Dr Mai Yamani, a Middle East specialist at the Royal Institute of International Affairs in London, said: "There is incredible animosity from the Wahhabis towards the Shia, whom they consider heretics. The Shia form a majority in the eastern province where the oil is, and there is even talk of their joining with the Shia in Iran to form a sort of 'Petrolistan'. The war in Iraq has brought a resurgence of Shi'ism in Iraq and emboldened the Shia in Saudi Arabia."
The animosity was re-ignited by the Iranian Revolution when Ayatollah Khomenei, a Shia, challenged the Wahhabis and said they should not be the custodians of the holy sites in Saudi Arabia. This was a direct challenge to the House of Saud, since senior Wahhabi clergy form an integral part of the Saudi government.
Yamani said: "Now we have the so-called 'new Wahhabis', thousands and thousands of angry graduates of Saudi religious schools, many of whom are embarking on jihad or want to fight the Shias. It is entirely understandable that they should be trying to influence what is going on in Iraq."
Stephen Schwartz, director of the Islam and Democracy Programme at the Washington-based Foundation for the Defence of Democracies, said: "The Wahhabis hate Shia Muslims more than they hate anyone else in the world, Jews and Christians included.
"Saudi Arabia has a large and discontented Shia minority who have suffered a long history of discrimination and cruel treatment under Wahhabi dominance." Though the Saudi regime is careful to distance itself from the most extreme Wahhabi activities abroad, behind the scenes it sees the Iraq war as opening up an opportunity to expand its ideological influence through missionary networks dedicated to the global spread of Wahhabism, according to Schwartz. "And where Wahhabism goes, terrorism is seldom far behind."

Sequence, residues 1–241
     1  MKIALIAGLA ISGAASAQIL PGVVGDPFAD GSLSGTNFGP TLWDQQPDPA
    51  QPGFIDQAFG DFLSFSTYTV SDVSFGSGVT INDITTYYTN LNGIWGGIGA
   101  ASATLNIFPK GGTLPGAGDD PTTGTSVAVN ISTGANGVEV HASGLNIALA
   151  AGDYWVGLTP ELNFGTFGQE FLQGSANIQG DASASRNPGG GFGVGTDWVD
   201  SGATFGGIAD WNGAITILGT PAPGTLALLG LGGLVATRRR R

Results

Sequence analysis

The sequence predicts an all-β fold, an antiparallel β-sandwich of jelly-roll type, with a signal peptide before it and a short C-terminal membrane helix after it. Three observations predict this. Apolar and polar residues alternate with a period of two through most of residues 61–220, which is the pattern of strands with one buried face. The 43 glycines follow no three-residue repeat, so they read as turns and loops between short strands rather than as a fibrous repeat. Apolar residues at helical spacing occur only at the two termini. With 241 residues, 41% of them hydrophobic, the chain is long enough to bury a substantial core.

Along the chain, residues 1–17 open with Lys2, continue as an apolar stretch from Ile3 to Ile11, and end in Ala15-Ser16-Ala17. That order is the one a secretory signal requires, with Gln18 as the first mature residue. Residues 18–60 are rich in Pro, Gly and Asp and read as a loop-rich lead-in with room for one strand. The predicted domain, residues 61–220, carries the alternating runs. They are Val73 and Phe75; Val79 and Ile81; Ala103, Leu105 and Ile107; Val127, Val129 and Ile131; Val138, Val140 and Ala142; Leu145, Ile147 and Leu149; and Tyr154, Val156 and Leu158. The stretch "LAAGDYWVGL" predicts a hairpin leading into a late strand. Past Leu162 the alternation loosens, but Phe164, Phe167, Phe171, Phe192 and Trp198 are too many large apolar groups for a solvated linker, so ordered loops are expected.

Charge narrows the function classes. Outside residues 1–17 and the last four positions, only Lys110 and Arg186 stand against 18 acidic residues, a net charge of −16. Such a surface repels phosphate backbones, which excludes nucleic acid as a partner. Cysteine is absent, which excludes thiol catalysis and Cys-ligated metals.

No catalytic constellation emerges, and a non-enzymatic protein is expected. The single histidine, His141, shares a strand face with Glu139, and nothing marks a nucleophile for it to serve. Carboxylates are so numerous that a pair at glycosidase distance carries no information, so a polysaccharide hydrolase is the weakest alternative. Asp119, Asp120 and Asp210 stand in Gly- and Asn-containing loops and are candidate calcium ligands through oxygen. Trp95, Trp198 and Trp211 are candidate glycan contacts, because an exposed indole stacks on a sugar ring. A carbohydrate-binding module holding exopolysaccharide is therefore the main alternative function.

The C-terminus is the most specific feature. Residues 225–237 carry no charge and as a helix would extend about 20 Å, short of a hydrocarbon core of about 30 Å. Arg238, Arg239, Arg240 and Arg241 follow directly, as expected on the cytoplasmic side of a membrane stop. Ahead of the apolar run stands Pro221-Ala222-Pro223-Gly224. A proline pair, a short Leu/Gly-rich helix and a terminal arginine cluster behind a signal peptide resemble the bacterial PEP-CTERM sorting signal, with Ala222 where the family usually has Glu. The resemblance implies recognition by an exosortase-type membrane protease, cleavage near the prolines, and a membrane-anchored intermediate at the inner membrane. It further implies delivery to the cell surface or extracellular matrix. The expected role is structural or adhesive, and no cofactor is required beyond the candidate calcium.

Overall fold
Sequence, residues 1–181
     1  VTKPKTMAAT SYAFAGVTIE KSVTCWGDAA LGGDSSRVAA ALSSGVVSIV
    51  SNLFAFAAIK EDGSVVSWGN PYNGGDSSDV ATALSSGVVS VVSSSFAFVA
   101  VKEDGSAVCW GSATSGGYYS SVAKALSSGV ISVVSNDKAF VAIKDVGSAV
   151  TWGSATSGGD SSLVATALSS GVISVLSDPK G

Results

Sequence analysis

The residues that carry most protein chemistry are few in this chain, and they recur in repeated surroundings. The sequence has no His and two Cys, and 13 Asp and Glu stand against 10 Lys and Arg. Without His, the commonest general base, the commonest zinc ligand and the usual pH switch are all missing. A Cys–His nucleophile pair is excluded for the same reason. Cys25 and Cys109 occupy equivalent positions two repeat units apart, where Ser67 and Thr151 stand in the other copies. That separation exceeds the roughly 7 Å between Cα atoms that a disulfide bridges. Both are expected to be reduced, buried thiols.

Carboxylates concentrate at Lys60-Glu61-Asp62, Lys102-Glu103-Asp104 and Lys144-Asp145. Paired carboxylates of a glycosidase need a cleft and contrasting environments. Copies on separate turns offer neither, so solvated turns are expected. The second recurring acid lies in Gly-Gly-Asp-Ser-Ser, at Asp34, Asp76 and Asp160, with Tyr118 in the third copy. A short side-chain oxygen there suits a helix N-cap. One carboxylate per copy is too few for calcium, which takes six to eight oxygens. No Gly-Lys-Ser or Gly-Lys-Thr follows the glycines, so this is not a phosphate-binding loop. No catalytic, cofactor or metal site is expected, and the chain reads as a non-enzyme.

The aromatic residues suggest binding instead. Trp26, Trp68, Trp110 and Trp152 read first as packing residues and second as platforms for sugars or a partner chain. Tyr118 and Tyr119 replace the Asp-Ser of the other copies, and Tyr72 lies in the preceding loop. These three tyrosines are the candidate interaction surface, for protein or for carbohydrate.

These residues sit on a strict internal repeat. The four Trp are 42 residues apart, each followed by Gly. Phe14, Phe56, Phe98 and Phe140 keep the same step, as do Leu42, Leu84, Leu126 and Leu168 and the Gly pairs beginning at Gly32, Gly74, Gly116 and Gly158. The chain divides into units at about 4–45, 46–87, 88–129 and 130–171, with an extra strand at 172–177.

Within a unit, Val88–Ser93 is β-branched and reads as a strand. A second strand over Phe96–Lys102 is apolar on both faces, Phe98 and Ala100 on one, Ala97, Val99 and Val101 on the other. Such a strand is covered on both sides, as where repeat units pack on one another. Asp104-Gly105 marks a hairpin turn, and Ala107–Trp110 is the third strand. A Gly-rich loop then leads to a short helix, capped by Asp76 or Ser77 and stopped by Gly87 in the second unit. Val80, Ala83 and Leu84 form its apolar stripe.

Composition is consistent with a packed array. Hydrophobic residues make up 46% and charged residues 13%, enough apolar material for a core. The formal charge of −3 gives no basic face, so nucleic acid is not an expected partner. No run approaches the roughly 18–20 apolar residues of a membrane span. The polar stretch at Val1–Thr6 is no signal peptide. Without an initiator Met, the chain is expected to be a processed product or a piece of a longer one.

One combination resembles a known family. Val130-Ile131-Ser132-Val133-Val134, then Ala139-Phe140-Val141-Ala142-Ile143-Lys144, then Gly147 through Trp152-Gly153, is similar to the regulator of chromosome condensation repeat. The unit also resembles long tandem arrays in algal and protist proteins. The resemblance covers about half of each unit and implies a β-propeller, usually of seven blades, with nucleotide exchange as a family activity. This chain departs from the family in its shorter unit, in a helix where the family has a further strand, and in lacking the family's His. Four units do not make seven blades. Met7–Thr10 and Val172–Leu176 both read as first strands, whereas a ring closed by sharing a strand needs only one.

There is growing evidence of Wahhabi activities in Iraq. Last month's issue of The Future of Islam, a monthly publication of the Riyadh-based World Assembly of Muslim Youth, which is accused of financing al-Qaeda, carried a cover interview with Saudi cleric Ayed al-Qarni. Al-Qarni, an adviser to Prince Abdel-Aziz bin Fahd, youngest son of Saudi Arabia's King Fahd, stated that he prays for the destruction of America several times a day. He also urged Saudi subjects to go and fight in Iraq or contribute money.
Another Wahhabi cleric, Naser Al-Omar, preaches in favour of suicide attacks on coalition forces in Iraq. "We should hope for more bombings to kill more of the enemies of God, the Jews and Christians," he said in a recent interview.
Even before the war on Iraq an alliance had sprung up between the Wahhabis and the Ba'athists.
Saudi alarm at the Shi'ite uprising after the Gulf War led Saudi Arabia to promote Wahhabism in Iraq, diplomats say. Saddam encouraged Wahhabi influence as a counterweight to the Shi'ite majority. Despite suppressing Islamist opposition for years, his government sponsored a four-year "faith campaign" to encourage Iraqis to turn to religion. Dozens of mosques and religious schools sprouted across Iraq. Most of the clergy were Wahhabis, who gave full vent to their penchant for enforcing public morals and intolerance of non-Muslims.
"Wahhabi agents are working underground to incite Iraqi Shia against co-operation with the temporary occupation authorities," said Schwartz. "As New York's Shia leader Agha Jafri put it: 'The Arab street is the Wahhabi street', and when the Arabs demonstrate against the United States in Iraq, the Wahhabis are never far from the scene.
"Whatever course we follow in dealing with Syria, Iran, or any other perceived threat, we should attend to Saudi Arabia's mischief north of its long and porous border with Iraq."